The well chewed turnip
The ewes are at one end of the field, aiming for lambing in about 8 weeks time. At the other end are the remainers from last year’s lamb crop. Our old friend John Baily from Farway, in Devon (not Far Far away), has been in with his lorry a couple of times in the last month for a load of lambs, his skilled hands can tell us accurately which lambs are at just the right weight and shape for the butchery trade.
We will keep back some of last year’s ewe lambs for breeding, so they will join the ewe flock next autumn, and have their own first lambs in May next year.
Talking of remainers, dare I touch on Brexit? UK farmers find themselves in a perilous position right now. After 40 years of the Common Agricultural Policy, much though we hated it, many of us did all right out of it, thanks to the riotous French farmers, it now feels like we are staring into an abyss. A straw poll conducted at the National Farmers Union annual conference a couple of weeks gave a resounding ‘non’ when members present were asked if they had any faith at all in our political leaders’ ability to arrive at a sensible deal for home grown food, environment and farming. It has been said that 70% of farmers voted to leave the EU, turkeys voting for Christmas doesn’t cover the half of it! I am staggered by this statistic, if true it indicates a truly suicidal tendency amongst my colleagues. Where on earth are we to sell our lamb, barley and milk products if access to the EU is closed to us, and the floodgates open for all sorts of dodgy food to be imported into the UK under WTO rules, which could mean hormone soaked meat and dairy products from America, and crops grown with chemicals long ago banned in Europe, from Australia, and everywhere else?
Enough of that, serious though it is, the editor will only cut me off! This picture of a sign I found on holiday in Shanghai recently I felt rather neatly sums up the hot air that infests the media regarding recent events.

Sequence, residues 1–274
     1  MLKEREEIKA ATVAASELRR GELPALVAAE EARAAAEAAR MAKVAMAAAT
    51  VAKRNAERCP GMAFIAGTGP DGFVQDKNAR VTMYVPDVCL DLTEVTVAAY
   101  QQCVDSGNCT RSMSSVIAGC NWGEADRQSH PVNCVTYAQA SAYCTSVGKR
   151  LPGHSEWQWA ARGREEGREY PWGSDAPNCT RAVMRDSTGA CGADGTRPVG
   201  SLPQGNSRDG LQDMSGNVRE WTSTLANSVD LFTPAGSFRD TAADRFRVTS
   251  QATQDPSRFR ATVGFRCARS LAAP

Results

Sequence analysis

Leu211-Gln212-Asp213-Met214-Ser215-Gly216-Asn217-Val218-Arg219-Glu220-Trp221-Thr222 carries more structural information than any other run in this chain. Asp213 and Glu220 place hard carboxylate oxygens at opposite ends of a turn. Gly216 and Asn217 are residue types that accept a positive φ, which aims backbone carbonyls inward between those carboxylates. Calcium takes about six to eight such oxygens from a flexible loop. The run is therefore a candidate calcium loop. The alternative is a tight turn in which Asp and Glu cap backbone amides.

And in case anyone hadn’t realised how switched on the Chinese are in so many ways, this notice in a rather smart restaurant could have been found in Islington rather than Shanghai. Clearly plenty of the wealthier Chinese understand the importance of the provenance of their food. I couldn’t have put it better myself.
Whilst we were away, calving started, and has progressed steadily over the last 3 weeks. More than 20 of our 60 cows have now calved, and here is a picture of a particularly attractive little new arrival. We have had two sets of twins already, and a couple of tricky calvings, involving large calves, which means we have to employ the calving winch, an ingenious device. To use it we loop light ropes around the feet of the unborn, then position the base of the winch against the rump of the cow, attach the ropes to the winch, then work the handle back and forth, which ratchets itself along a metal leg, gradually exerting pull on the calf, which, as long as the head is correctly presented between the front legs, will slowly reveal itself to the world. Whilst doing this, the midwives need to watch where they stand, because the cow in her efforts is quite likely to give you a mucky shower if standing in the wrong place. Once the calf is out, the cow immediately forgets the pain of childbirth, and any suspicion of humans, and only wants to give the calf a really good licking, accompanied by constant gentle grunt-mooing. A cow’s tonge is huge, and quite rough, so the calf gets a very good going over. This process stimulates the youngster into action, and in only a few minutes will be staggering up onto its wobbly legs, and looking around hungrily for its first drink.
Does anyone know which very annoying wild animal causes this kind of mess in pasture?
And which even more annoying animal does this in remote rural gateways?